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Just What are you Eating?

By: Kirstin Bittel and Rachel Hughes



Time: 1 class period
Preparation Time:   10-15 minutes photocopying handouts
Materials: Overhead 1 – GMF controversy in the news
Overhead 2 – Graph of major US crops and proportions of which are GMF
Overhead 3 – Zimbabwe headline
Handout 1- Major crops of the US including corn, cotton, soy and canola


Abstract
During this lesson students are introduced to Genetically Modified Foods (GMF). Hooked by newspaper headlines and the presence of GMFs in their last meal, students review scientists’ opinions from Science Magazine using a Think-Pair-Share approach. This lesson is the introductory piece for a quarter long unit that uses GMF and Pesticides as the context for exploring genetics, basic plant biology and photosynthesis. The goal is to prompt students to ask just what are they eating and what is the biology behind the production of their food?

Purpose – Engagement of students in the topic of genetics and plant biology (specifically photosynthesis) through genetically modified foods and pesticide use later in the semester.

Objectives
Students will be able to:-
1. Articulate the pros and cons of GMF including references to the scale of controversy world wide.
2. Identify where they might find GMFs in their diets.
3. State what the acronym GMF stands for


National Science Education Standards
Content Area C – The Interdependence of Organisms
Human beings live within the world’s ecosystems. Increasingly, humans modify ecosystems as a result of population growth, technology and consumption

Teacher Background

Related Websites

http://scope.educ.washington.edu/gmfood/position/

 

 

Activity
1. As students enter the classroom, overhead 1 is already up, displaying headlines relating to GMF. The sensationalist approach to headlines avails itself to prompting student questions. Media created terms such as ‘Frankenfoods’ have a negative connotation, but also offer a great starting point for asking students what they think ‘Frankenfoods/ GMFs’ are. Elicit from your students their opinions on GMFs. Ask how many of them are eating ‘Frankenfoods.’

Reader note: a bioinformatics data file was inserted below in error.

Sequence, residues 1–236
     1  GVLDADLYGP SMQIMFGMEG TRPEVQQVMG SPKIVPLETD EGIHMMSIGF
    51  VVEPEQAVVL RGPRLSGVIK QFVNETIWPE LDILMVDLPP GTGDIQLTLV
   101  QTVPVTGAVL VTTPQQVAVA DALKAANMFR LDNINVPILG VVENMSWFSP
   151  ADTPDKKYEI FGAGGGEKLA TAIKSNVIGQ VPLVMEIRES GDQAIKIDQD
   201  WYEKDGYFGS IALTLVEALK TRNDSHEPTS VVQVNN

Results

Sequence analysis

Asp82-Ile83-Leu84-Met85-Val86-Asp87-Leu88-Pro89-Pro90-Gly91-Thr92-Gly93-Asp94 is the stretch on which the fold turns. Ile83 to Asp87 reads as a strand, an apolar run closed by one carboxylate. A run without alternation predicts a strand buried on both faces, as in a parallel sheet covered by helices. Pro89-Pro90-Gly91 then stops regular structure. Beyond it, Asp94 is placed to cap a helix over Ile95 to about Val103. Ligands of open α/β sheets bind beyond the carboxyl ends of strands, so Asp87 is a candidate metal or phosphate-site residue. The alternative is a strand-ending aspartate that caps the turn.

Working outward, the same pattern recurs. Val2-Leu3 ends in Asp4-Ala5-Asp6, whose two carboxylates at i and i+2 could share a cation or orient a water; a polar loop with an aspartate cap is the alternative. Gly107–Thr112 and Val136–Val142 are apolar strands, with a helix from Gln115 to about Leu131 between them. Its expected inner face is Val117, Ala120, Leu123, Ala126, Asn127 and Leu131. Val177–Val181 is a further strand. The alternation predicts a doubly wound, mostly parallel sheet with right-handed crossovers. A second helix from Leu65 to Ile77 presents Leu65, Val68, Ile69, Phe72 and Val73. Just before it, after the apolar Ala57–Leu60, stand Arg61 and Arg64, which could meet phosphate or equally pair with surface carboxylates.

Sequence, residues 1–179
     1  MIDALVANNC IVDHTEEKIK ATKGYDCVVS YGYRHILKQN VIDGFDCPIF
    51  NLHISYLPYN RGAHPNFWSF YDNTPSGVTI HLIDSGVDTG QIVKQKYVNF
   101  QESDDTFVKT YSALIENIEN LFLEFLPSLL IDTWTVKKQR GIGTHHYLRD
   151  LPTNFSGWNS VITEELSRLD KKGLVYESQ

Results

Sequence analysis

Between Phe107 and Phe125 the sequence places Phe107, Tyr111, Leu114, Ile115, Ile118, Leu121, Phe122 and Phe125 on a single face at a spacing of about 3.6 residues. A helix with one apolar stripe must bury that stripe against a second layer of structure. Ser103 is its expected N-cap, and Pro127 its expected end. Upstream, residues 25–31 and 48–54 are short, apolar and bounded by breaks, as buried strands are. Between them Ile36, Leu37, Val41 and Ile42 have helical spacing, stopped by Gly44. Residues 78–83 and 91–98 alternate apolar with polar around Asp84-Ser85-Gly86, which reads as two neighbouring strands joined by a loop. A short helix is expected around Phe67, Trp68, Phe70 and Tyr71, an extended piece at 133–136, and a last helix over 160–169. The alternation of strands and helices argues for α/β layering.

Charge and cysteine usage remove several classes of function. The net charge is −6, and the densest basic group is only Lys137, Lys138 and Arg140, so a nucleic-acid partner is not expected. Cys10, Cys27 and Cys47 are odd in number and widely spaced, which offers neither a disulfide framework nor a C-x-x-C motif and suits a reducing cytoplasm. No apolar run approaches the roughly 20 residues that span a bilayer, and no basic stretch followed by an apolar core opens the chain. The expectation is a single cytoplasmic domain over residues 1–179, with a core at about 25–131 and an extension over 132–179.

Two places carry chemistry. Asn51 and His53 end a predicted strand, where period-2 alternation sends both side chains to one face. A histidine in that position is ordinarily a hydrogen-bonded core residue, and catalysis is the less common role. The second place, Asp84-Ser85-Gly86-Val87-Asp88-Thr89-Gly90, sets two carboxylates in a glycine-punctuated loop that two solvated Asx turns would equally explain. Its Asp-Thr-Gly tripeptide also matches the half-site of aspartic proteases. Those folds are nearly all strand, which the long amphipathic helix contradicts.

2. Ask the class: ‘What did you eat for dinner last night?’ As students recall their dinners, write 4 or 5 of these as examples on the board. Using overhead 2, (main crops used in US proportions of each that are GM) ask students to identify which students’ dinners may have included GMFs. Be sure to pick out dinners that have a high likelihood of containing GMF, such as meals that include corn, tomatoes, soy, canola or potatoes. Ask students why the agriculture community might want to use genetically modified plants. All answers are reasonable at this point. Let the students know that over this quarter they will be finding out more about what GMFs are used for.

3. Should they be worried? Tally class opinion on GMFs

4. Think-Pair- Share
Divide the class into 8 groups. Give each group 4 copies of different opinion pieces. Students should read the piece to themselves. After reading it students return to their group and share one statement that stood out to them and tells the reader a pro or a con to GMFs. Each person must identify a different statement. Students as a group decide whether this particular piece is pro or con overall.

5. How do they feel now about GMFs? Tell the students to be prepared to defend their view using evidence from their piece. Students write the information first shared among their group down on easel paper and then share this with the entire class.
After hearing all this information what do students now feel?

Closure
Overhead 3 with the Zimbabwe headline/Green Revolution is projected. Just what is genetically modified food? We’re going to be looking at the biology behind genetically modified food and what is the impetus behind development of GMF?

Homework
Students need to document their dinners and identify the foods that could be GMF.

Embedded Assessment
 


PULSE is a project of the Community Outreach and Education Program of the Southwest Environmental Health Sciences Center and is funded by:


an
NIH/NCRR award #16260-01A1
The Community Outreach and Education Program is part of the Southwest Environmental Health Sciences Center: an NIEHS Award

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Supported by NIEHS grant # ES06694


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Last update: November 10, 2009
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